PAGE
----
Video

This monster-sized anvil is like a giant violin conch shell bringing you the sounds of the ocean

Artist Maskull Lasserre references place, industry, history and sound in his 25-foot-long steel installation for the Vancouver Biennale.

Maskull Lasserre references place, industry, history and sound in his 25-foot-long steel installation

(CBC Arts)

Huge works of art are standard fare at the Vancouver Biennale — the exhibition regularly includes large-scale sculpture that confronts the audience in big ways. But this year, the giant anvil that's been dropped in its midst by artist Maskull Lasserre (who you may have bumped into beforeat CBC Arts) might seem a little incongruous with its surroundings...until you get closer.

In this video by filmmaker Josephine Anderson, you'll meet Lasserre and his new work, Acoustic Anvil: A Small Weight to Forge the Sea, as he explains the thought process that went into its creation.

Watch the video:

Maskull Lasserre has created a giant anvil that's part sculpture, part sound machine, part historical monument. Filmmaker: Josephine Anderson 3:00

What's an anvil (besides being something cartoon characters drop on each other's heads or a Canadian metal band)? It's been an essential tool for thousands of years, used in metalworking and often shipbuilding. So when Lasserre decided on the form of an anvil for his offering to the Vancouver Biennale, setting a monumental version of the tool next to the boats off Vancouver's coast seemed apt.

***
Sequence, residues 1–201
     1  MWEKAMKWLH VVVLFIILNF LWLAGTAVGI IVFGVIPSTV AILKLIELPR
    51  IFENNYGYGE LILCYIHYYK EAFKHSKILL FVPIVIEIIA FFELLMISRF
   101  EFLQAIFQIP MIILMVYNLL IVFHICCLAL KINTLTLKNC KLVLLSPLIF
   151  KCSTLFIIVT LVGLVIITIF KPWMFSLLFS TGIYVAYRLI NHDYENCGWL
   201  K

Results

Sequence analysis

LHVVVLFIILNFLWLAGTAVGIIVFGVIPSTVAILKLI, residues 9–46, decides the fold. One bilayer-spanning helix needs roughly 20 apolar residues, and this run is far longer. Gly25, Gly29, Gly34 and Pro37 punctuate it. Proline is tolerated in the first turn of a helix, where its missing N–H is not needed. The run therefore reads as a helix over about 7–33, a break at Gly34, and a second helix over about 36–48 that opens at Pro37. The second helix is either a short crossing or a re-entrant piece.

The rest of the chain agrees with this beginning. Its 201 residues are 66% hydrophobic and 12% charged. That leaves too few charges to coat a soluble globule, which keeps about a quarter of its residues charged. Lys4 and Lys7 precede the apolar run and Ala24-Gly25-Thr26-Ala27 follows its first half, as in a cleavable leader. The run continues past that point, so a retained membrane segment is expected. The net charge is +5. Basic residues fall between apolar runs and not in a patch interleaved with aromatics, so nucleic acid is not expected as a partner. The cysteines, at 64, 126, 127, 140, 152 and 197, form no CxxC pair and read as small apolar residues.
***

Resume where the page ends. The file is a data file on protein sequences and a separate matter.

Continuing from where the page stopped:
But the artist has further complicated our notion of what an anvil is by not only blowing it up to epic proportions but cutting the F-holes you'd normally find on a violin into the steel tool's sides and sending the sounds of the ocean out through those openings. And the effect is magical — Lesserre notes, "It becomes a tool-turned-instrument where the sound of the sea inhabits its solid mass. Listening to the spiral opening recalls the wonder of turning a conch shell to one's ear — an invitation to come closer, to experience its scale in relation to the body, and to be rewarded with a secret to share."

(CBC Arts)

The sculpture sits in Leg-In-Boot Square, originally part of the industrial core of Vancouver and a hub of boat-building and metal-forging. So although the connection between the anvil and its setting may at feel hard to fathom, it becomes a lot more clear once you begin to realize the artist's complicated reference to place, industry, history and sound — all built into this 13-foot-high, 9-foot-wide, 25-foot-long piece of steel.

You can find out more about Maskull Lasserre here. And as part of the Vancouver Biennale, throughout the summer Leg-In-Boot Square is playing host to black-and-white films from the industrial age, right next to Acoustic Anvil. Find upcoming dates and times here.

(CBC Arts)

Watch CBC Arts: Exhibitionists on Friday nights at 11:30pm (12am NT) and Sundays at 3:30pm (4pm NT) on CBC Television.

About the Author

Lise Hosein

Lise Hosein is a producer at CBC Arts. Before that, she was an arts reporter at JazzFM 91, an interview producer at George Stroumboulopoulos Tonight and a PhD candidate at the University of Toronto. When she's not at her CBC Arts desk she's sometimes an instructor at OCADU and is always quite terrified of bees.